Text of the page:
When the energy increases from 0.05mJ to 0.3mJ, corresponding to the intensity on the front surface of the glass from 2.65 × 1011 W/cm 2 to 1.59 × 1012 W /cm 2, the pulse after focusing in air is compressed again. Pulse duration decreases from 75fs to 27fs consistently with the increase of the incident pulse energy. All the spectral phase of the transmitted pulse are nearly flat for different pulse energy input. The temporal profile of the transmitted pulse after the BK7 glass is shown in Fig. 3(d). Pulses duration as short as 49fs, 39fs, 29fs and 27fs are obtained for 13nm, 15nm, 20nm and 21nm spectral FWHM bandwidth with 0.10mJ, 0.15mJ, 0.25mJ and 0.30mJ energy input, respectively. The duration of the obtained pulse is shorter than the Sech2 transform limited duration 50fs, 43fs, 33fs and 33fs for the same 13nm, 15nm, 20nm and 21nm spectral FWHM bandwidth, respectively. This is because the obtained spectra are reshaped after the glass that can sustain much shorter pulses than Sech2 temporal profile. Note that the spectral bandwidth and pulse duration vary little when the input pulse energy increases from 0.25mJ to 0.30mJ. This means that the obtained compressed pulse is stable at a relatively large input energy region. The pulse self-compression is mainly due to the self-focusing effect[2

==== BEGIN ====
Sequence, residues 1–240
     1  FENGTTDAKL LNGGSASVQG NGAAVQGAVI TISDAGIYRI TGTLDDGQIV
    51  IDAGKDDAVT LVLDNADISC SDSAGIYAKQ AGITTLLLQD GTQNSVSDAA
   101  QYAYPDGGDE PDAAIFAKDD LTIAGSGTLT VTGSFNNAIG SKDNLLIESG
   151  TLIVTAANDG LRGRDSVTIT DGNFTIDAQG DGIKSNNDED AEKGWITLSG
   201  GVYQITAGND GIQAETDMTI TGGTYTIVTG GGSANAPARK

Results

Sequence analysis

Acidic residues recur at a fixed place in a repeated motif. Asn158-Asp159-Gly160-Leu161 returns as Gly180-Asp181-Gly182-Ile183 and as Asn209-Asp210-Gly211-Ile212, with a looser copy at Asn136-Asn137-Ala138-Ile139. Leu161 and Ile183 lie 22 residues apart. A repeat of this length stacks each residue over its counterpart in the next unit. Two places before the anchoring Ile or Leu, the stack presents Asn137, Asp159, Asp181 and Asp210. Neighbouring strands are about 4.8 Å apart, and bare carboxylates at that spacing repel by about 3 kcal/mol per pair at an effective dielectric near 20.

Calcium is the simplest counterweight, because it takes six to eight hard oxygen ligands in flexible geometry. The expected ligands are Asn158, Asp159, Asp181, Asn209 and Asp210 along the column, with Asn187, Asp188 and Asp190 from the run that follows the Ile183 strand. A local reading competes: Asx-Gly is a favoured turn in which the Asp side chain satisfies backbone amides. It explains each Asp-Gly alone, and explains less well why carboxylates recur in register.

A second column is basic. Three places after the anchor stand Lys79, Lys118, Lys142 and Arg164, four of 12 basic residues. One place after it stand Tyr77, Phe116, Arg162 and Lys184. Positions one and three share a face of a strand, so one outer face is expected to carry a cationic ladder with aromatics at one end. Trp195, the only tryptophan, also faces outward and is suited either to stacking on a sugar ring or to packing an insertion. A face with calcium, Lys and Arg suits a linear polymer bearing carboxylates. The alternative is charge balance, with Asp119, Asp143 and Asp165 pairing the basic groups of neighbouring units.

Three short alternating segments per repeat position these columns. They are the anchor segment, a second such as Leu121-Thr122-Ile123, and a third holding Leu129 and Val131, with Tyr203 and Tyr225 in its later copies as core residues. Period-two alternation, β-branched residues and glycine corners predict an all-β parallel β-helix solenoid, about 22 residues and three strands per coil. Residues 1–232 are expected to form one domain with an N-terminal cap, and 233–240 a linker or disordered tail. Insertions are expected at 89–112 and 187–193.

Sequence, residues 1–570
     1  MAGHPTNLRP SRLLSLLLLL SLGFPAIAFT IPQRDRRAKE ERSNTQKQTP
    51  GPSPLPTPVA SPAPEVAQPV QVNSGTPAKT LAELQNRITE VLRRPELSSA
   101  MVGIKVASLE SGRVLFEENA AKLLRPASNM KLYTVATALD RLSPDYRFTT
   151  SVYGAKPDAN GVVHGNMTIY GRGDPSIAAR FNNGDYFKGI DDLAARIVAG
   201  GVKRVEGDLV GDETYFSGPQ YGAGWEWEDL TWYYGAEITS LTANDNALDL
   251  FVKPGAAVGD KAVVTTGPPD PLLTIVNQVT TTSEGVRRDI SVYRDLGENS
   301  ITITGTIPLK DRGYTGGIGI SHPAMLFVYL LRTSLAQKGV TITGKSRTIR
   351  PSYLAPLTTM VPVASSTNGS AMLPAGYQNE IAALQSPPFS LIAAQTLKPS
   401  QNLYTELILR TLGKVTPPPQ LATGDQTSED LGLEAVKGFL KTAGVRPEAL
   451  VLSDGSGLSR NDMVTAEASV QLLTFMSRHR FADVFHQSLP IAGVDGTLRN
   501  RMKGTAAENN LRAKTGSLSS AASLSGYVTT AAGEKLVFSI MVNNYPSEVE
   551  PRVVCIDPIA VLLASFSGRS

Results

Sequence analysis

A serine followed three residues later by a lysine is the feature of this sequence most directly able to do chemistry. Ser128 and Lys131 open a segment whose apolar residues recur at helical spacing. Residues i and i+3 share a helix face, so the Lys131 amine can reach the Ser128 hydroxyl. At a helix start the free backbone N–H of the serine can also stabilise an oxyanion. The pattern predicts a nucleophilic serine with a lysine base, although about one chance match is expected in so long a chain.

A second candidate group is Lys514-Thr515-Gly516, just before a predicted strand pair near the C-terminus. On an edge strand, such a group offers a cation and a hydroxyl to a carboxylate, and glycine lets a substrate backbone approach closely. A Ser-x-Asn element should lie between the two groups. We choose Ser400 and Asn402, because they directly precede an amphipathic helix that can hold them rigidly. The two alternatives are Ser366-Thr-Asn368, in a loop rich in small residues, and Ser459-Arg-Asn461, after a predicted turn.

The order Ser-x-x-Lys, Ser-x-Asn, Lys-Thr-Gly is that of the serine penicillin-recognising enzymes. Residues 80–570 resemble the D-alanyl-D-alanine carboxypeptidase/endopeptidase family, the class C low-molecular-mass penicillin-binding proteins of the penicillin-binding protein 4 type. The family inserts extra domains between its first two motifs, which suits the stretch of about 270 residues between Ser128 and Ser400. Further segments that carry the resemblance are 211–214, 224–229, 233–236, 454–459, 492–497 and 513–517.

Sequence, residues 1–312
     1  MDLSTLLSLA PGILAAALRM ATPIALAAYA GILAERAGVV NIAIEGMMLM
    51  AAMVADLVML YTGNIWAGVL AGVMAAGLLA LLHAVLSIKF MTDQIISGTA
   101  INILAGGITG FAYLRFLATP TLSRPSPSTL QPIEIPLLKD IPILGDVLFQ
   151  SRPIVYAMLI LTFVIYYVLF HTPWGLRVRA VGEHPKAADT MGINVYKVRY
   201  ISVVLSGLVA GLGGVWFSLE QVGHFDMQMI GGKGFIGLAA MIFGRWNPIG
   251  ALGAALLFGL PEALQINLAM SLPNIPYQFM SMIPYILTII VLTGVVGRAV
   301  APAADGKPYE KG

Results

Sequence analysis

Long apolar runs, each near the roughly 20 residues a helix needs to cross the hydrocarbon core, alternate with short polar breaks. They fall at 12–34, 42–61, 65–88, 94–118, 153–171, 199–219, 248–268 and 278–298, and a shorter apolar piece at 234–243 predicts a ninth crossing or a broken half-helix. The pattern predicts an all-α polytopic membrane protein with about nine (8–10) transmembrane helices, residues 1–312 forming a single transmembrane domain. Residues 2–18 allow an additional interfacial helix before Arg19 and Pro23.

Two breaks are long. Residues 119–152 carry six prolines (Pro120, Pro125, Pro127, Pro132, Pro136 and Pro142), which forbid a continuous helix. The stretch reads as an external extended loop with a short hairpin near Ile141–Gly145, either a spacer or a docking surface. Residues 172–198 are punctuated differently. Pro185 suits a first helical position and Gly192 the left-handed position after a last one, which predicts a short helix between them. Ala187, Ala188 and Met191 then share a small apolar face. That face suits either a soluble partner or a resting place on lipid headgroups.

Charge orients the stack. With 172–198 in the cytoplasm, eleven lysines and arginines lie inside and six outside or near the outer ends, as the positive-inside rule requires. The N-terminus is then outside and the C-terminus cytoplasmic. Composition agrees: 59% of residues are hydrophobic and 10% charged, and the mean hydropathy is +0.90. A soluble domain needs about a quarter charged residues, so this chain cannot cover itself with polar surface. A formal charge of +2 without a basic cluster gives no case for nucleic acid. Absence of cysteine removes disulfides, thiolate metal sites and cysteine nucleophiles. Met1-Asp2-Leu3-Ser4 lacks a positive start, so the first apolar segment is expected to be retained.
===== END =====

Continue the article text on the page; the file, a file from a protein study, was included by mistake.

02. A.T. Ryan and G.P. Agrawal, “Pulse compression and spatial phase modulation in normally dispersive nonlinear Kerr media,” Opt. Lett. 20, 306–308 (1995) [CrossRef] [PubMed]

,5

05. S.A. Diddams, H.K. Eaton, A.A. Zozulya, and T.S. Clement, “Characterizing the nonlinear propagation of femtosecond pulses in bulk media,” IEEE J. Sel. Top. Quantum Electron. 4, 306–316 (1998) [CrossRef]

,13–14

13. S. Henz and J. Herrmann, “Self-channeling and pulse shortening of femtosecond pulses in multiphoton-ionized dispersive dielectric solids,” Phys. Rev. A 59, 2528–2531 (1999) [CrossRef]

].

Fig. 3. Measured evolution of the spectral and the temporal profile of the transmitted pulse: (a)the spectral (b)the temporal profile after focus in air, and (c)the spectral (d) the temporal profile after the glass as the input pulse energy increases from 0.10mJ to 0.30mJ. Origin means the input pulse without chirp.